BACKGROUND: Florbetaben, a 18F-labeled stilbene derivative (Neuraceq, formerly known as BAY-949172), is a diagnostic radiopharmaceutical developed to visualize beta-amyloid plaques in the brain. Here, we report a pilot study evaluating patients with suspected cardiac amyloidosis for systemic extent of disease.METHODS: We prospectively enrolled nine patients, 61-86year old (meanSD 69.48.6), referred from the cardiac amyloid clinic. First, dynamic imaging of the heart was acquired immediately after injection of 222-318.2MBq (meanSD 270.133.3) of 18F-florbetaben using the GE SIGNA PET/MRI. This was followed by a whole-body PET/MRI scan 60-146.4min (meanSD 9833.4) after injection. Cardiac MRI sequences included ECG-triggered cine SSFP, T2-weighted, and late gadolinium-enhanced imaging. Whole-body MRI sequences included MRAC and axial T1-weighted imaging.RESULTS: High early uptake and delayed high uptake in the left ventricle correlated with amyloid deposition in five patients, while low uptake on early and delayed cardiac imaging was noted in four patients. Cardiac function measurements were successfully obtained in all participants. Areas of increased abnormal 18F-florbetaben accumulation were noted on delayed whole-body imaging in the bone marrow (seven patients), stomach (diffuse in five patients and focal in one patient), brain (five patients), salivary glands (three patients), tongue (three patients), spleen (three patients), skeletal muscles (three patients), ocular muscles (two patients), thyroid (two patients), pleura (two patients), kidneys (two patients), and lungs (two patients).CONCLUSIONS: Whole-body 18F-florbetaben PET/MRI is promising for localization of systemic amyloid deposition. This technique may provide important structural and functional information regarding the organs involved by disease, with potential to guide biopsy and evaluate response to treatment.TRIAL REGISTRATION: Clinicaltrials.gov registration: NCT03119558 .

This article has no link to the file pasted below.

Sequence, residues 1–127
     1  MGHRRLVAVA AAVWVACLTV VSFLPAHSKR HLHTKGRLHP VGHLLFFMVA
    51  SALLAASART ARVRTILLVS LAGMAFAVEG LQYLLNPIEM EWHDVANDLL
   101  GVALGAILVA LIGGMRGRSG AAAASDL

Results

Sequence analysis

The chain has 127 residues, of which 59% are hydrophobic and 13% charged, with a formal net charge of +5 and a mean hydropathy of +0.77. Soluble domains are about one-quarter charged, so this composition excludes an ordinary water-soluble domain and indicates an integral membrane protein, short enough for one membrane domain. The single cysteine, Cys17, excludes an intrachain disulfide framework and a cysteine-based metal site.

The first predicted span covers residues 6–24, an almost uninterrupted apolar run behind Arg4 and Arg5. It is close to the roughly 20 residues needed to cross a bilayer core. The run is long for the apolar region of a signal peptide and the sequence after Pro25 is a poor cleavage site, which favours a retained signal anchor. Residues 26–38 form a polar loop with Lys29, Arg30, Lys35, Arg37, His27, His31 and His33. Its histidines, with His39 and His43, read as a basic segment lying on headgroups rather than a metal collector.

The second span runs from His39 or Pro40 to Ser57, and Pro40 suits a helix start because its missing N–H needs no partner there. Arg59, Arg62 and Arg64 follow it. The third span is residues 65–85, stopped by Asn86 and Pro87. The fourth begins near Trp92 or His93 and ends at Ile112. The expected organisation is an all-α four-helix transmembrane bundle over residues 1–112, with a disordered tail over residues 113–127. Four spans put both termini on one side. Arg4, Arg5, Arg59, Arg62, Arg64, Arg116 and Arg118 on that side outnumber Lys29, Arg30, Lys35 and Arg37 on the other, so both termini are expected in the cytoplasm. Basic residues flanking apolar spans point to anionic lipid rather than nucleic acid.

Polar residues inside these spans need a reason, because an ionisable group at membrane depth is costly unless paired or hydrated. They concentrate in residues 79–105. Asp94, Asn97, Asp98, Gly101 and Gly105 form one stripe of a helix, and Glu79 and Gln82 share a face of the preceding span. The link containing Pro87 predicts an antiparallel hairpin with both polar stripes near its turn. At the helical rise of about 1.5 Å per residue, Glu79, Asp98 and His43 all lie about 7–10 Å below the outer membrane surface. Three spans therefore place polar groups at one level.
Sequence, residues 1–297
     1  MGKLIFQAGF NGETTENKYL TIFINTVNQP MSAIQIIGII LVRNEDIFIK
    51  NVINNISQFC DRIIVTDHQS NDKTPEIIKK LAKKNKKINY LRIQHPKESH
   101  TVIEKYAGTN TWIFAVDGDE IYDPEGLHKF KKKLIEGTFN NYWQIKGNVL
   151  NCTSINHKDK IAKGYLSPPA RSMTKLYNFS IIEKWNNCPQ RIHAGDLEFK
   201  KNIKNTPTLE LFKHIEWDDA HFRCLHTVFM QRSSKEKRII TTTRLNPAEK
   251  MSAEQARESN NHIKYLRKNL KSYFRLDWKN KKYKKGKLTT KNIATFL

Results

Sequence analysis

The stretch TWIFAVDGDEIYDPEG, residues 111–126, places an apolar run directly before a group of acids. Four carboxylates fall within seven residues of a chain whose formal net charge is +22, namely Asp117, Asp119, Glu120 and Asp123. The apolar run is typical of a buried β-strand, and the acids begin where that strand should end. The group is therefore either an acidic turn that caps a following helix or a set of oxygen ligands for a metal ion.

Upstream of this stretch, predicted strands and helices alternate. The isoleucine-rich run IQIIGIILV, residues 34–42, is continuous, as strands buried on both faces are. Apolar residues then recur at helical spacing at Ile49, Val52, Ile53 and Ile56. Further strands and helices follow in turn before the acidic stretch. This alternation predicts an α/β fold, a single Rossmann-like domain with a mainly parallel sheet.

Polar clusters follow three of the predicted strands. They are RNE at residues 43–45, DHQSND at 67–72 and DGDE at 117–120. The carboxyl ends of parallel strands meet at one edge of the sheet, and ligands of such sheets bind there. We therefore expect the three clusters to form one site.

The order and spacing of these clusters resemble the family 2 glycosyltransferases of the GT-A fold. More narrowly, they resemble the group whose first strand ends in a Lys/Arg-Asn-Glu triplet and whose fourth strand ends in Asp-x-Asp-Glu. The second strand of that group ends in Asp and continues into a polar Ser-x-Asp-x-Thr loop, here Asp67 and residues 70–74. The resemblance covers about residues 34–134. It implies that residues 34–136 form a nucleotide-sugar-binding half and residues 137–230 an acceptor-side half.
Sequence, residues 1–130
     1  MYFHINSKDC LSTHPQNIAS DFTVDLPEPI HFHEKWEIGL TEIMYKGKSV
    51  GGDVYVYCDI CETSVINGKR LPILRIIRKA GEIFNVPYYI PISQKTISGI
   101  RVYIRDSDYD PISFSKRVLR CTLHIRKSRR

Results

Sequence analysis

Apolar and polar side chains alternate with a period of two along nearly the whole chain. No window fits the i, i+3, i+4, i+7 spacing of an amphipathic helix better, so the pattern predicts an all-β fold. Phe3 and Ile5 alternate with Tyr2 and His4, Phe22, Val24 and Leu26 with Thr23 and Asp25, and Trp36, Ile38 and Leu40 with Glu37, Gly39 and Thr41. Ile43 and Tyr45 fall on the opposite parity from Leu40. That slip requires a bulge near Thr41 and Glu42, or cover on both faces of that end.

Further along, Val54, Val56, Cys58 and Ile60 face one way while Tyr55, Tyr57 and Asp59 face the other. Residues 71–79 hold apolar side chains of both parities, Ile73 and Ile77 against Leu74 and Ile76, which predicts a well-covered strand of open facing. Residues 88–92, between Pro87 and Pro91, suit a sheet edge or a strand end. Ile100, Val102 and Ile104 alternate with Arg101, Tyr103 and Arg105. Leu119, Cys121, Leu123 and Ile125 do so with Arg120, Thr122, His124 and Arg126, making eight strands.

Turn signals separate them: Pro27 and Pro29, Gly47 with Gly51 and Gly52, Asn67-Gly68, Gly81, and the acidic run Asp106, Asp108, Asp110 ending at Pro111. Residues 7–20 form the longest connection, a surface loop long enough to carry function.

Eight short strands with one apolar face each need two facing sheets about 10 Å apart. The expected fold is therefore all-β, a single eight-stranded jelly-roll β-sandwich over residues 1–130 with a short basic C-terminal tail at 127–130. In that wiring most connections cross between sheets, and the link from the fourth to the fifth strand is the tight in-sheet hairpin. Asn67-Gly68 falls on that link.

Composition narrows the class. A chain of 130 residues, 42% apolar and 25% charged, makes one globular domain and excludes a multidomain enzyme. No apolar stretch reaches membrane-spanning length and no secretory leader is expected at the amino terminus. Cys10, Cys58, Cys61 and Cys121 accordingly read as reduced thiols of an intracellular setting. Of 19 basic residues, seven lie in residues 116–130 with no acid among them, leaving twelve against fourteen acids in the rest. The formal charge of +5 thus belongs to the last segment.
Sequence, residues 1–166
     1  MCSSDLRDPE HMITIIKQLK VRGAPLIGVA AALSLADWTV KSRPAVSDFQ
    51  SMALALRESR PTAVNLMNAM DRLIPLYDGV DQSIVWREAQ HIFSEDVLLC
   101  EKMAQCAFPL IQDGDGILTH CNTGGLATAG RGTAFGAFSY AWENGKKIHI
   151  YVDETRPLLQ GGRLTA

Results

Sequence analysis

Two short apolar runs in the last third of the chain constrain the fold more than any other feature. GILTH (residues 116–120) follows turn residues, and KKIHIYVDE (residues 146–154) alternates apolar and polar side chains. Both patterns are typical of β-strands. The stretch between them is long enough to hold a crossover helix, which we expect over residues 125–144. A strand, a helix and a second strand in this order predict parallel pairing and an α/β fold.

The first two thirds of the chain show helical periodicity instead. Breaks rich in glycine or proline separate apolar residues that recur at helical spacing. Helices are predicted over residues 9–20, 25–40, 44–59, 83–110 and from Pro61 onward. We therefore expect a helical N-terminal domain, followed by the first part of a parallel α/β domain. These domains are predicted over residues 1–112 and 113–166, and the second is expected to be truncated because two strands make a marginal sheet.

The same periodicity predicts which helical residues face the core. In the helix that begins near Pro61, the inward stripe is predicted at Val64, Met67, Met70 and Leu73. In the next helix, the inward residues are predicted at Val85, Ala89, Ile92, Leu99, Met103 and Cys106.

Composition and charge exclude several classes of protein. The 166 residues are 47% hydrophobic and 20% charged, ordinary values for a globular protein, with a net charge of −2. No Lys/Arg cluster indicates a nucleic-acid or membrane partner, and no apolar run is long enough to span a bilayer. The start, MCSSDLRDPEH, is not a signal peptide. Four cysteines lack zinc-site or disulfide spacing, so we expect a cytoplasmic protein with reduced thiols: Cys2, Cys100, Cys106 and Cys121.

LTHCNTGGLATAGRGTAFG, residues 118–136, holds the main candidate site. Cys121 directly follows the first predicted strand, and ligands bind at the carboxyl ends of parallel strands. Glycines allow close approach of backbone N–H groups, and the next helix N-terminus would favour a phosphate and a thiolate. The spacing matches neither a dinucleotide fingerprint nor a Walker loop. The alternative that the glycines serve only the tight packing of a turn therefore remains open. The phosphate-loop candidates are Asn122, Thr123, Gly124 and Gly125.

View details for PubMedID 30043115

  • Initial experience with a SiPM-based PET/CT scanner: influence of acquisition time on image quality EJNMMI PHYSICS Sonni, I., Baratto, L., Park, S., Hatami, N., Srinivas, S., Davidzon, G., Gambhir, S., Iagaru, A. 2018; 5: 9

    Abstract

    A newly introduced PET/CT scanner (Discovery Meaningful Insights-DMI, GE Healthcare) includes the silicon photomultiplier (SiPM) with time-of-flight (TOF) technology first used in the GE SIGNA PET/MRI. In this study, we investigated the impact of various acquisition times on image quality using this SiPM-based PET/CT.We reviewed data from 58 participants with cancer who were scanned using the DMI PET/CT scanner. The administered dosages ranged 295.3-429.9MBq (mean??SD 356.3??37.4) and imaging started at 71-142min (mean??SD 101.41??17.52) after administration of the radiopharmaceutical. The patients' BMI ranged 19.79-46.16 (mean??SD 26.55??5.53). We retrospectively reconstructed the raw TOF data at 30, 60, 90, and 120s/bed and at the standard image acquisition time per clinical protocol (180 or 210s/bed depending on BMI). Each reconstruction was reviewed blindly by two nuclear medicine physicians and scored 1-5 (1-poor, 5-excellent quality). The liver signal-to-noise ratio (SNR) was used as a quantitative measure of image quality.The average scores??SD of the readers were 2.61??0.83, 3.70?0.92, 4.36??0.82, 4.82??0.39, and 4.91??0.91 for the 30, 60, 90, and 120s/bed and at standard acquisition time, respectively. Inter-reader agreement on image quality assessment was good, with a weighted kappa of 0.80 (95% CI 0.72-0.81). In the evaluation of the effects of time per bed acquisition on semi-quantitative measurements, we found that the only time point significantly different from the standard time were 30 and 60s (both with P??25, images can be acquired as fast as 90s/bed using the SiPM PET/CT and still result in very good image quality (average score >?4).